MANY of us are familiar with the parable of the Good Samaritan. An injured, unwell traveller lies on the roadside. Many other travellers pass him by, perhaps worried about their own safety and wellbeing, perhaps driven by religious and cultural requirements – including in relation to cleanliness and purity. However, one man stops to render aid.
This is the essence of the parable; a story that has had a lasting impact on considerations of ethical medical practice.
During the current coronavirus disease 2019 (COVID-19) pandemic, what constitutes being a Good Samaritan in the setting of contemporary medical practice?
The established principles of beneficence and non-maleficence merit consideration. A patient with COVID-19, who is unwell and highly infectious, is at risk if care is not rendered. Furthermore, there is a causal link between the treatment of this patient and the risk of infection of caregivers. This may increase the risk to multiple third parties – especially if an unknowing, infected medical practitioner inadvertently becomes a “super spreader” risk. This risk is not merely theoretical. In the current pandemic, multiple medical practitioners have been implicated as “super spreaders”, with nosocomial origins of infection being an important component in community propagation of COVID-19.
So, here is the dilemma in a nutshell: the established principle of beneficence invites conduct that is at variance with the equally established principle of non-maleficence. In these circumstances, what ought one do?
Consequentialist approaches determine such questions according to outcomes. The most famous example of this approach is utilitarianism. Although offered in various forms, the core idea is that one should act to bring about the greatest good and the least harm. As such, it is possible that a utilitarian might conclude that they are ethically obliged not to offer treatment to the infected patient.
Other practitioners will be more comfortable with a deontological approach, which stresses the need to do one’s duty irrespective of the consequences. Duty has many potential sources. For example, one can be obliged to keep a promise freely made. One can be obliged to act in obedience to divine commands. One can be subject to the dictates of reason. Under this approach, one will render aid to the patient – as a matter of duty – even if to do so risks causing adverse effects. Of course, one will seek to minimise the possibility of harm, but duty will prevail.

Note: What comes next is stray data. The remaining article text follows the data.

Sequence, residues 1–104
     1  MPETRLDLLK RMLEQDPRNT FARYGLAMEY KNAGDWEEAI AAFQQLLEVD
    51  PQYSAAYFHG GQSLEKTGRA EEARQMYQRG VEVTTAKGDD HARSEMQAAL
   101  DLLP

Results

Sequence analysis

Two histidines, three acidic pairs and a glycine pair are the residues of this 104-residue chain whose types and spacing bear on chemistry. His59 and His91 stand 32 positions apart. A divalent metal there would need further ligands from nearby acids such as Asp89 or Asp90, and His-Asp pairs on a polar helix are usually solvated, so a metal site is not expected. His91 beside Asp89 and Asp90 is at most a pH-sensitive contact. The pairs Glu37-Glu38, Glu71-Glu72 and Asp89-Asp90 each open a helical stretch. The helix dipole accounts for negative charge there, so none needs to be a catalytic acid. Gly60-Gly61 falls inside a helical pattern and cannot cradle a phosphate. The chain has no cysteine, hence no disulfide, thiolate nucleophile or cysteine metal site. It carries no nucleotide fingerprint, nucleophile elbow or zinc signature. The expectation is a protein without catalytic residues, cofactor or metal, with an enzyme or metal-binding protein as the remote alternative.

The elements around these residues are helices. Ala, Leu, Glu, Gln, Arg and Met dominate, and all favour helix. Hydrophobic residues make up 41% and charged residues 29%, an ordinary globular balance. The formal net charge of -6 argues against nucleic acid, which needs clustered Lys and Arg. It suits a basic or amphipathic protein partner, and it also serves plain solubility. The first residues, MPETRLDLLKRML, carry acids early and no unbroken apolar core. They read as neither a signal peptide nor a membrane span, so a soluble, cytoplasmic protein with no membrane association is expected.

Health care is largely delivered, on behalf of society, by a health system that is largely funded by citizens. This gives rise to a “social contract” between society and health care workers, with obligations on both sides; for example, that health care workers have a prima facie obligation to offer treatment to the sick and injured from within society. However, society has a prima facie obligation to provide a safe workplace, including the provision of sufficient personal protective equipment (PPE).
What if society fails to meet its obligation and if sufficient PPE is not available? How should the system decide between those practitioners who may tolerate lack of adequate PPE and continue to offer treatment on deontological grounds, and others who adopt the utilitarian approach that becoming unwell and potentially a “super spreader” justifies not rendering care to infected individuals, for net societal good?
We argue that in circumstances where medical practitioners are not provided with adequate clean PPE, they have the right to exercise their personal conscience either to render care to the benefit of the patient before them, or to disengage in the name of mitigating community spread. Notably, we do not argue that a prima facie obligation to treat the patient can be offset on account of the personal self-interest of the practitioner.
However, we also stress that neither type of practitioner should be subject to duress or psychological pressure from others to adopt a particular ethical position (including other positions not canvassed here). As noted above, whether or not to treat an infected patient in the absence of PPE is a genuine ethical dilemma in which beneficence and non-maleficence are both legitimate but contending principles.
To force a medical practitioner to do other than act according to their conscience can cause real harm to mental health through a phenomenon known as “moral injury”. The best protection against moral injury is for health care teams to discuss their views on relevant ethical matters before any COVID-19 case surge. Should adequate PPE become scarce, individual ethical views will have been clarified, within a supportive environment, and contingent plans agreed.
The duty of health care Good Samaritans extends to our colleagues, including a care for their consciences during times when making impossible choices becomes the norm.
Ajeet Singh obtained his medical degree, masters, and doctorate from the University of Melbourne. He is a consultant psychiatrist at the Geelong Clinic and Honorary Associate Professor at Deakin Medical School.
Simon Longstaff is a Cambridge-educated ethicist, and Executive Director of The Ethics Centre Sydney and Honorary Professor at the Australian National University.
The statements or opinions expressed in this article reflect the views of the authors and do not represent the official policy of the AMA, the MJA or InSight+ unless so stated.